This course includes time for you to write in practical exercises, to put these rhetorical modes into practice with your current writing project.

So, bring your laptop, or pen and paper if you prefer, or both.

To register or for more details email

Thesis Writing Workshop – Dates in 2021 to be confirmed
Rowena Murray

This is a practical workshop, involving writing activities and discussions.

It covers different approaches to thesis writing and shows how to combine them:

  • strategies for generating text
  • writing to prompts
  • analysing academic writing
  • outlining
  • thesis structure
  • social writing
  • making time to write
  • constructing a ‘contribution’ argument
  • writing a 750-word thesis summary
  • building a repertoire of strategies for thesis writing.

These strategies are also relevant for journal article writing.

Participants can use laptops to write during this workshop, but it is not essential.

All of these activities can help participants to develop coherent thesis arguments and productive, healthy writing practices.

Key reference:
Murray, R (2017) How to Write a Thesis, 4th edition. Maidenhead: Open University Press-McGraw-Hill.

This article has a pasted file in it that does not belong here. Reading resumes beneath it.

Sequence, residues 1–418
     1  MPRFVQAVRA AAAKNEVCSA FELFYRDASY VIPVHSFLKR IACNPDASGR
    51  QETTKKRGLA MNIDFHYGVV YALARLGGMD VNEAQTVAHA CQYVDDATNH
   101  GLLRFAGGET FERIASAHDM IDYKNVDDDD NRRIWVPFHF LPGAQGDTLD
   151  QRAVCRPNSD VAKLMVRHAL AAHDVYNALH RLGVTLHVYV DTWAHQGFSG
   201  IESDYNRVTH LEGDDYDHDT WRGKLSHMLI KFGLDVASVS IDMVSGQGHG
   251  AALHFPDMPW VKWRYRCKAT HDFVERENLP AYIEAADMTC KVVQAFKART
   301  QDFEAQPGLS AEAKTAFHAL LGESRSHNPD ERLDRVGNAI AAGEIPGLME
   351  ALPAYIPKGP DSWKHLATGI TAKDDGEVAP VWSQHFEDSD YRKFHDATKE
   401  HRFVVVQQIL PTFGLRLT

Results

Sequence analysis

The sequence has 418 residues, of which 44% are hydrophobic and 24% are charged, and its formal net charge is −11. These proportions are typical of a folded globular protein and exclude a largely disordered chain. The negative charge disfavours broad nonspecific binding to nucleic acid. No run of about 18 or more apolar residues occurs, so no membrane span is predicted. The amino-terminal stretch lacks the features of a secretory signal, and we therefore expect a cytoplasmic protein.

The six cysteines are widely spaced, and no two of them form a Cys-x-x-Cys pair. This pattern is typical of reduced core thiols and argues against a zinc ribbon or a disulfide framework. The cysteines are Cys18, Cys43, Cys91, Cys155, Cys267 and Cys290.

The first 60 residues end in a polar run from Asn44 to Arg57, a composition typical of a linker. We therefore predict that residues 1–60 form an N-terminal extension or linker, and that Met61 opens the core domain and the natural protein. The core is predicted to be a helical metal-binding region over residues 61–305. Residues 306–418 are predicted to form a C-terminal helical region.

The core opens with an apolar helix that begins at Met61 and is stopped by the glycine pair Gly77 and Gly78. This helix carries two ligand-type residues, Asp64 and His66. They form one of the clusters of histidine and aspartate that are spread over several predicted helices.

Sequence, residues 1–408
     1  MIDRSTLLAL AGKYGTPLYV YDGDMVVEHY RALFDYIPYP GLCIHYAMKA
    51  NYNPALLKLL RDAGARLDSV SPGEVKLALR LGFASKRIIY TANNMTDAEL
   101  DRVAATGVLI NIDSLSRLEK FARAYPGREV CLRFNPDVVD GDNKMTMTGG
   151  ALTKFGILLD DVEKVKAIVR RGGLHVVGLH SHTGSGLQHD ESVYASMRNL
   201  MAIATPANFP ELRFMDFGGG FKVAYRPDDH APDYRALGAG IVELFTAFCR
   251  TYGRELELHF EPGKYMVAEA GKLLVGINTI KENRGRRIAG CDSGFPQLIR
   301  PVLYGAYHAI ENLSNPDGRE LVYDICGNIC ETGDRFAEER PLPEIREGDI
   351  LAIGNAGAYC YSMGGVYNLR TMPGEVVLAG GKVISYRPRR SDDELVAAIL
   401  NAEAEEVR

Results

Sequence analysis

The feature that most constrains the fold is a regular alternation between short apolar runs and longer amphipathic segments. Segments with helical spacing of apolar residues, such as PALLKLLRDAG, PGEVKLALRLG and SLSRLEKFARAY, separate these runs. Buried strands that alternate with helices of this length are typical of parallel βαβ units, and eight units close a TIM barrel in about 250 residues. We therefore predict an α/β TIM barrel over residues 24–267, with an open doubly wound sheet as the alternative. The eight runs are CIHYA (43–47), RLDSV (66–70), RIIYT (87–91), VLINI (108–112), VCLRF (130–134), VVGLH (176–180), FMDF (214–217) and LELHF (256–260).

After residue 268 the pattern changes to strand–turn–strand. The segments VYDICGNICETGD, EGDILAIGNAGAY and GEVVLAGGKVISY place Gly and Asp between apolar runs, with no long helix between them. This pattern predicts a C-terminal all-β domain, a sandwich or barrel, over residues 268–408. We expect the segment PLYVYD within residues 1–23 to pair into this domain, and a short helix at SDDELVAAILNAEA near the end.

Rowena Murray’s Online ‘Endgame’ Workshop
for people trying to get back on track and finish a PhD thesis

During lockdown and while we’re working from home, I’m hearing that writing has, understandably, slipped onto the back burner for many people. We have other demands on our time – childcare, home schooling, caring and much more. Some of this is lovely, but even if you don’t have these demands, it seems that working online all the time takes more time and can be exhausting. This doesn’t leave much time or energy for academic writing.

So, I created this new workshop to help people get back on track and, if possible, carve out a way to complete the thesis – hence the ‘endgame’ title. I think this workshop will be most helpful for PhD students who want to submit the thesis in the next 6-12 months, even if you haven’t completed all your chapters.

This is how it works: I introduce four strategies over four weeks for developing your thesis argument. You write a piece each week, and I give you feedback on them. So that I have time to read and respond to everyone’s writing, the number of participants is limited to 10.

When – Wednesdays 9.15-12.30 on March 9th, 16th, 23rd & 30th.
Cost – £150 per person (VAT not payable)

Writing activities in this workshop:

  1. Writing a 750-word thesis summary
  2. Writing a 300-word thesis abstract
  3. Writing introductory paragraphs for all thesis chapters
  4. Writing the thesis Conclusion chapter.

To book a place, email